When I was diagnosed with invasive, stage 2-3 breast cancer, I was stunned. So this is where a lifetime of healthy eating, exercise, and devotion to polyphenol-laden teas will get you. I soon found myself stumbling in a dark night of indecision, ignorance, and frustration. A wrong turn could mean death; a right turn, recovery; somewhere in the middle lay a life that I did not want to live.
When my children were in grade school, one of the mothers at my son’s elementary school became a good friend. Unlike the blond, black velvet headband set, Robin was an offbeat, independent, creative photographer who saw the world through a lens of hilarity, darkness, and optimism.
Then she got cancer. She tried every treatment available from accepted to experimental. Perhaps knowing the worst, she gave herself a gourmet-catered, blow-out party complete with a band, dancing until dawn, and unlimited eats and bar. Less than a year later, she lay on a hospital bed in a coma. “It wasn’t her,” a friend said after visiting her.
I told myself this would never be me either. I soon became victim to the “top doc” syndrome. That’s when contacts – friends, family, friend of friend – magically get you an appointment impossible for most patients without “connections.” What a system! . For me, it was the office of a famed oncologist. A few days prior to the appointment, a young man telephoned, and asked me if I wanted him there to record the meeting. .Did I need a translator? Obviously. At the appointment, the brilliant cancer doctor gave me a cancer treatise and rapid fire treatment plan. Or I think so. Upshot: I should start heavy duty chemo yesterday. I went home, put the tape in a drawer and never saw her again.
And the tumor kept growing.
I asked the nice oncology nurse who she would recommend if her mother got cancer. Without hesitation, she said Dr. W. I made an appointment. Dr. W, spent half an hour citing studies. i returned for a follow-up He too advocated chemo. I asked for other options. He mentioned one. I asked what he suggested. “It’s your decision,” he said. I asked him again. Same answer. What about all those studies? Same answer. Finally, in desperation, I asked him what he would advise his mother. “I can’t answer that,” he snapped as I burst into tears of frustration. “And,” he said, gathering up his pen and clipboard,” I don’t have time for this.” I stumbled out of there in shock. . Since everyone told me to stay away from alcohol, I went home and had a few glasses of wine. Sorry, tea cup.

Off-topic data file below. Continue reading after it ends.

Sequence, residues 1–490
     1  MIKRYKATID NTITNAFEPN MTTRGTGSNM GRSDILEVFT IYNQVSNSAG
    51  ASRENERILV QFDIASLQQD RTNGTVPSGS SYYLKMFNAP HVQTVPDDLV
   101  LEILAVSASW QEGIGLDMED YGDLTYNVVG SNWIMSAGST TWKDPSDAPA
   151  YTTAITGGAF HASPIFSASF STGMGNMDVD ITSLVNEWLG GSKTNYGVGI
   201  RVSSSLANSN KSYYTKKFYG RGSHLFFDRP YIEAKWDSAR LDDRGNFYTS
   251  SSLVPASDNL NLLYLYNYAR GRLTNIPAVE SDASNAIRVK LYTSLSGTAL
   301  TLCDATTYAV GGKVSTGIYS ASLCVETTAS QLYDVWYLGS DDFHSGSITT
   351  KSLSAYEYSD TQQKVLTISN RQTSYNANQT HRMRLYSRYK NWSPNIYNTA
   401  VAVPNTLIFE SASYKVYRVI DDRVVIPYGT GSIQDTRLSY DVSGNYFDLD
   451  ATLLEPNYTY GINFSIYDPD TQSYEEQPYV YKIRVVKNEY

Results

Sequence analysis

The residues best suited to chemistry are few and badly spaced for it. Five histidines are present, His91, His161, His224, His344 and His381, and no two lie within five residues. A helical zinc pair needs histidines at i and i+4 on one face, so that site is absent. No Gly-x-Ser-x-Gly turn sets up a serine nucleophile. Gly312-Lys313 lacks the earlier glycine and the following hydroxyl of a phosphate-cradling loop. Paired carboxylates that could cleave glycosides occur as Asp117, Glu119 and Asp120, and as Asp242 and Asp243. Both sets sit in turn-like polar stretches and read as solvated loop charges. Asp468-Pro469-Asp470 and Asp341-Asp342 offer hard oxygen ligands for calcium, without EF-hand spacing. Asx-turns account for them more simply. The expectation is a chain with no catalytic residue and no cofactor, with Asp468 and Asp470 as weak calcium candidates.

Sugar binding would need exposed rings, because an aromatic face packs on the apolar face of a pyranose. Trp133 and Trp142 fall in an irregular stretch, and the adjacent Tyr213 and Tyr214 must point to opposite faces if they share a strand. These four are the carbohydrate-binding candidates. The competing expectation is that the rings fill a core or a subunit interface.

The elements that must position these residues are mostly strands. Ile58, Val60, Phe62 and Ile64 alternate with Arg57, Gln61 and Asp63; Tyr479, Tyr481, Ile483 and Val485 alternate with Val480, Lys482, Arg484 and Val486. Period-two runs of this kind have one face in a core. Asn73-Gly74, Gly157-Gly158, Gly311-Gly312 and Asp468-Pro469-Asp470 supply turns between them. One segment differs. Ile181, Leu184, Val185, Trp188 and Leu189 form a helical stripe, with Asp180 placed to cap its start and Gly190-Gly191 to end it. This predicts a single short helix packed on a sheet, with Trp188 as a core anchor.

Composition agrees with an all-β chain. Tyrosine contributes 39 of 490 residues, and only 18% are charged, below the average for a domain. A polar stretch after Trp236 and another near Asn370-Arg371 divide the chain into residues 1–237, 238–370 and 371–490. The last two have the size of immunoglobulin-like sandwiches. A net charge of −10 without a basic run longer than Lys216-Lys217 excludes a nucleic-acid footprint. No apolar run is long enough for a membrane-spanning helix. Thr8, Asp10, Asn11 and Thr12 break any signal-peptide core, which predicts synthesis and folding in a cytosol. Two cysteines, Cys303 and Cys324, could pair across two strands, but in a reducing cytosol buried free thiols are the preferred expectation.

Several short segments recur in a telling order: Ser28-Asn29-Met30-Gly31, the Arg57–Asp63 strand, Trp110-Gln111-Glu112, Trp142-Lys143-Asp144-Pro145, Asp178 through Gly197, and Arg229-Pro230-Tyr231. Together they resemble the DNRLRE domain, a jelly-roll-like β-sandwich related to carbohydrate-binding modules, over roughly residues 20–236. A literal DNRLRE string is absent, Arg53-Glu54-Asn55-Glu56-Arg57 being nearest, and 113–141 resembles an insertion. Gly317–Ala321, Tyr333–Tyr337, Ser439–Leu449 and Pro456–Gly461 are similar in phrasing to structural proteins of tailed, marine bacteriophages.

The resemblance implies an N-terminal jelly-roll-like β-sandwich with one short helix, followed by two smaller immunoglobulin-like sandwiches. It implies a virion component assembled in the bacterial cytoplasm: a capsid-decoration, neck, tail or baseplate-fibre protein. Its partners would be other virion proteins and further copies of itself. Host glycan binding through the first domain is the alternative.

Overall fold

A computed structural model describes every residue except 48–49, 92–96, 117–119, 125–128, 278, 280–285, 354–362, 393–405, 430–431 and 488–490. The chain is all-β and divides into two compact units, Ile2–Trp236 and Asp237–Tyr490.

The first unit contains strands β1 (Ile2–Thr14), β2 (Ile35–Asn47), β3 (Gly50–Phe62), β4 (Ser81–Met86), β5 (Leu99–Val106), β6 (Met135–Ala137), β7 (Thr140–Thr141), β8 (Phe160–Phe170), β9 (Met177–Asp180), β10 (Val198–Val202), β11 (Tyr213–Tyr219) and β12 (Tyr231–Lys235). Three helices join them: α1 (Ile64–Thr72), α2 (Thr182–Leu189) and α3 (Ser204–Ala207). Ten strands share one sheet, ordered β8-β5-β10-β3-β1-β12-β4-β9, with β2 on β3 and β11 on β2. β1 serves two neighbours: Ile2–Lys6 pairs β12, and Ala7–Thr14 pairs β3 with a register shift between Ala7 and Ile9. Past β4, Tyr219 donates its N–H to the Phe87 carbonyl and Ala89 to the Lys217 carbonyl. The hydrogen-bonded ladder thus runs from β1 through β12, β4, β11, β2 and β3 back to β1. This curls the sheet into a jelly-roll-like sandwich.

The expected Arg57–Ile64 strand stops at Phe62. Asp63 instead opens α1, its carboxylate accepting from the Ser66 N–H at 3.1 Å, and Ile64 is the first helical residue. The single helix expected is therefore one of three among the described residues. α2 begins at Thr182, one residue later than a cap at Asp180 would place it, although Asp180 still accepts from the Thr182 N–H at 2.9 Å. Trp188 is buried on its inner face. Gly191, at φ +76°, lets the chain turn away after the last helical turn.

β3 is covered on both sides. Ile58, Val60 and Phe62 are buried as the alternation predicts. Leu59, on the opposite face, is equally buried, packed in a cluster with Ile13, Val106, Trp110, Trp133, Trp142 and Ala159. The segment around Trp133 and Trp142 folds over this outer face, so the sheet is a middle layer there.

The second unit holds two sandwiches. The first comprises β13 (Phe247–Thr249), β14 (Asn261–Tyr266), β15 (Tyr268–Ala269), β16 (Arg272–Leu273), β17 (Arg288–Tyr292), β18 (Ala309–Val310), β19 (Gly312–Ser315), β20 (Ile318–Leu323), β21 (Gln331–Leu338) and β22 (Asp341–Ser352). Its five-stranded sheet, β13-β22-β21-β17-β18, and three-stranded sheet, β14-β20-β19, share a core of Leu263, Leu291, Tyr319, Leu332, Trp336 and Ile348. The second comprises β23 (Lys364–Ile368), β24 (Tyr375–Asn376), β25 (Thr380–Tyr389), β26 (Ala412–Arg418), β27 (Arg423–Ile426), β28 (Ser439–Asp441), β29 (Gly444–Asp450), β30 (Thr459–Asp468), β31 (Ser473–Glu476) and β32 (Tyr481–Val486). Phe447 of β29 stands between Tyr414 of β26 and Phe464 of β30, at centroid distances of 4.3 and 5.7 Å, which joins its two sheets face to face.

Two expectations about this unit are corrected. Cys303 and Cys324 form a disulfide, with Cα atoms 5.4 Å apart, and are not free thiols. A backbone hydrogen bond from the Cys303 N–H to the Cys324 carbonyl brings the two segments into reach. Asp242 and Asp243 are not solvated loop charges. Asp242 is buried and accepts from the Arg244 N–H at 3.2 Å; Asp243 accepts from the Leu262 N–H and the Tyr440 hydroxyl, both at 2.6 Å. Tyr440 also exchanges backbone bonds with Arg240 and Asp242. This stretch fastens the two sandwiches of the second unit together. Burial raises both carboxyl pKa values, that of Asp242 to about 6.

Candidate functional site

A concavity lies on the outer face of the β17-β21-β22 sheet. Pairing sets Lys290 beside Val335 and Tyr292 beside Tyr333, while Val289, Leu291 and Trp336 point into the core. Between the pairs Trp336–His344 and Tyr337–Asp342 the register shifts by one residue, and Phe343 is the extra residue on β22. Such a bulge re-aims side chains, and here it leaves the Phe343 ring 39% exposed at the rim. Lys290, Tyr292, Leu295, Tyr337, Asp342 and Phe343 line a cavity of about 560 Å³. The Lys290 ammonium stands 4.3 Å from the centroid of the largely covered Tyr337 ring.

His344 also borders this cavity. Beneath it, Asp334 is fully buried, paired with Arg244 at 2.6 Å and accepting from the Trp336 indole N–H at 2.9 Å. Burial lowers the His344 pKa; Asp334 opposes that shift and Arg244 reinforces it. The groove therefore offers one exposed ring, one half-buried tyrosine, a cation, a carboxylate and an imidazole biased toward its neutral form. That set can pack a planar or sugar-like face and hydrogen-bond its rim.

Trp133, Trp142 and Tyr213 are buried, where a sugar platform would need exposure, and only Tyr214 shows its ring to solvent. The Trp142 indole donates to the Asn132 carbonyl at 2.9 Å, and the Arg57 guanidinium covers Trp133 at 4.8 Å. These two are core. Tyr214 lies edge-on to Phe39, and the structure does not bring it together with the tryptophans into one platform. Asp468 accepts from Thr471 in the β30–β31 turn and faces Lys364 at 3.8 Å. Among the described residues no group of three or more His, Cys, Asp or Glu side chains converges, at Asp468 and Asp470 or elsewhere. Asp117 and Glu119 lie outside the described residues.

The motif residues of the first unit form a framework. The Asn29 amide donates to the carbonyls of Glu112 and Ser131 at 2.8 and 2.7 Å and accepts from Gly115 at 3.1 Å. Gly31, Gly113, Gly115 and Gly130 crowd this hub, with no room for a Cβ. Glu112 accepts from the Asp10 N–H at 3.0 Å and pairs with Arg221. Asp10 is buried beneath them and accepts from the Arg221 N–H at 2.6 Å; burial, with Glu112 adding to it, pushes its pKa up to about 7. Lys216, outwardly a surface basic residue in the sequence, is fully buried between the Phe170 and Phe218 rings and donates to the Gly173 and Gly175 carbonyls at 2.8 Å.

And the tumor kept growing.
Next stop, the cancer surgeon. In the rabbit hole of cancerland, he was empathy personified. I agreed to “hormonal therapy,”a nice Orwellian turn of phrase for estrogen-draining pills. These “aromataze inhibitors,” sound like a gentle type of anti- perfume, right? I soon had fiery joint/muscle pain that made walking akin to knives in my legs. I tried a pharmacopea of other pills, which included such side effects as dizziness, hair loss, loss of balance, forgetfulness, depression, exhaustion, insomnia.The empathetic surgeon took the lump out. I had radiation. At the final session, the radiation nurses handed me a “diploma” signed with upbeat messages by the staff. Could I leave cancerland now? .
Not quite. The radiation oncologist gave me a stern and scary lecture when I hesitated taking post-radiation medication for the next five years. I filled the prescription. Shortly after, I went to New York where I lost my balance and fell hard on my face in front of the lions at the NY Public Library, I went to a fancy drugstore to patch up my face and threw the pills in a dark drawer when I got home. Enough.
I decided to take my chances. That was four years ago.
Do I think that the more tea/ less cancer science is a fraud? Not really, although a lot of these studies are either on mice or don’t control enough for lifestyle. (Do people who drink tea get more exercise, eat better?). I say drink tea because you like it, not because it is “good” for you. “Just think how much worse you would have had it without all that tea,” said a tea vendor.
That’s good enough. for me.